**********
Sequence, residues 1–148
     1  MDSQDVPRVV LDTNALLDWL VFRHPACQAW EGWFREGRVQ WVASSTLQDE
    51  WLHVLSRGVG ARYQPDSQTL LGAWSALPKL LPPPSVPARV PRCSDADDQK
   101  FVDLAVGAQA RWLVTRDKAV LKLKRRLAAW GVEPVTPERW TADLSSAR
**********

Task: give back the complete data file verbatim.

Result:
Sequence, residues 1–148
     1  MDSQDVPRVV LDTNALLDWL VFRHPACQAW EGWFREGRVQ WVASSTLQDE
    51  WLHVLSRGVG ARYQPDSQTL LGAWSALPKL LPPPSVPARV PRCSDADDQK
   101  FVDLAVGAQA RWLVTRDKAV LKLKRRLAAW GVEPVTPERW TADLSSAR